So why is the picture on the ground so different from that painted by the statistics? Economists have proffered a number of reasons.

One is that Singapore is entering this unprecedented recession from an equally unprecedented position of strength. 'A lot of Singapore's resilience is due to the seven 'fat' years we had from 2001 to 2007, where economic growth averaged 5.5 per cent a year, even with the Sars period in 2003,' said OCBC economist Selena Ling.

In particular, the past two years saw supercharged growth, boosting Singapore workers' average monthly earnings by 5.8 per cent a year. This explains why 'apart from the relatively small proportion of unemployed, the rest of the Singapore population is still in a position to shop, dine out and bargain hunt for assets'.

During the 1997-1998 crisis, the GDP per capita was $35,115. By last year, it had jumped to $53,192. In 2006 and 2007, Singapore was among the countries with the fastest growing number of millionaires.

Companies also raked in record takings, building a large buffer of savings that muted the blows of the financial crisis, said Citi economist Kit Wei Zheng.

All this means fewer than expected people and firms are going broke. Bankruptcy levels last year were half those in 2003 and 2004, while the number of companies liquidated last year was a third of that in 1999, according to Ms Ling.

Then there is the buffer that foreign workers and expatriates provide. Their number, by some estimates, has risen by 70 per cent since 2000. Jobs held by foreigners have been cut first in this recession in favour of saving Singaporean ones, especially because programmes such as the Jobs Credit Scheme protect only local workers

Time magazine, which featured Singapore's surprising resilience in an article on April 28, also gave credit to the Government's social safety net.

Part of the answer also lies in the 'dualist' nature of Singapore's economy, said Mr Bhaskaran. He estimates that half the economy is foreign in terms of ownership and employment, including manufacturing and finance - the hardest-hit sectors in this recession.

Foreign companies have suffered losses. But while there has been some spillover to local industries, this has been more contained, Mr Bhaskaran said.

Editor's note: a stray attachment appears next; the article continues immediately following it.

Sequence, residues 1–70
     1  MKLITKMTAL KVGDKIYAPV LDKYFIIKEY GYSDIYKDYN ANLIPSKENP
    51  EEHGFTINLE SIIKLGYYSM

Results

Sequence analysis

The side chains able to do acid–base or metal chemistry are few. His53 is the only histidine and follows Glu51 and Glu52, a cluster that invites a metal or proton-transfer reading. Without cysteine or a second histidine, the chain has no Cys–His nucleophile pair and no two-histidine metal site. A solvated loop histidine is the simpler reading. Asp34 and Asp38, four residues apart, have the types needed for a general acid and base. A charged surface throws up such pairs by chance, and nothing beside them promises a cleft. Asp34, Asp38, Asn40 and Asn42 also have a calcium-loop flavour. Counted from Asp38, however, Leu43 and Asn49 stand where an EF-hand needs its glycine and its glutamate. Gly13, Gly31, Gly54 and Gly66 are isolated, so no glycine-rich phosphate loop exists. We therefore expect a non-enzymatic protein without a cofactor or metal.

Economic resilience aside, the dismal statistics themselves could have been exaggerated. Companies pre-emptively slashed production to preserve their balance sheets and conserve cash. This implied a vanishing of demand that did not quite materialise.

In all, there are 'certainly more shock absorbers' now compared with the 'shock amplifiers' in the last recession, when companies' balance sheets were weaker and policy regimes were more 'inflexible', Mr Bhaskaran said.

Whatever is the explanation, markets might do well not to overreact to the apparent contradiction between statistics and experience. Already, talk of 'green shoots' has boosted sentiment so much that Citi's Mr Kit upgraded his growth forecast for Singapore this week. If it is true that the recovery is on the way, Singapore's worst-ever recession could turn out to be among its most painless.

But there is another, more worrying possibility: That the real economy could be just lagging behind the numbers, said CIMB-GK's Song Seng Wun.

'Green shoots' may be emerging statistically, but the pain implied by the earlier figures may not have fully hit yet, thanks in part to the Government's cushions. If external demand fails to pick up, for instance, further agony could be around the corner as the job market traditionally lags the economic numbers by a few quarters.

In other words, it may not feel like -10 per cent now, but it will soon.

Thursday, May 14, 2009

I think, therefore I do [PRAGMATISM]

May 14, 2009

By Kenneth Paul Tan

PRAGMATISM is celebrated today as a virtue. The ability to adapt to changing circumstances, to focus on achieving results and to compare options using cost-benefit analysis is valued over inflexible obedience to dogma.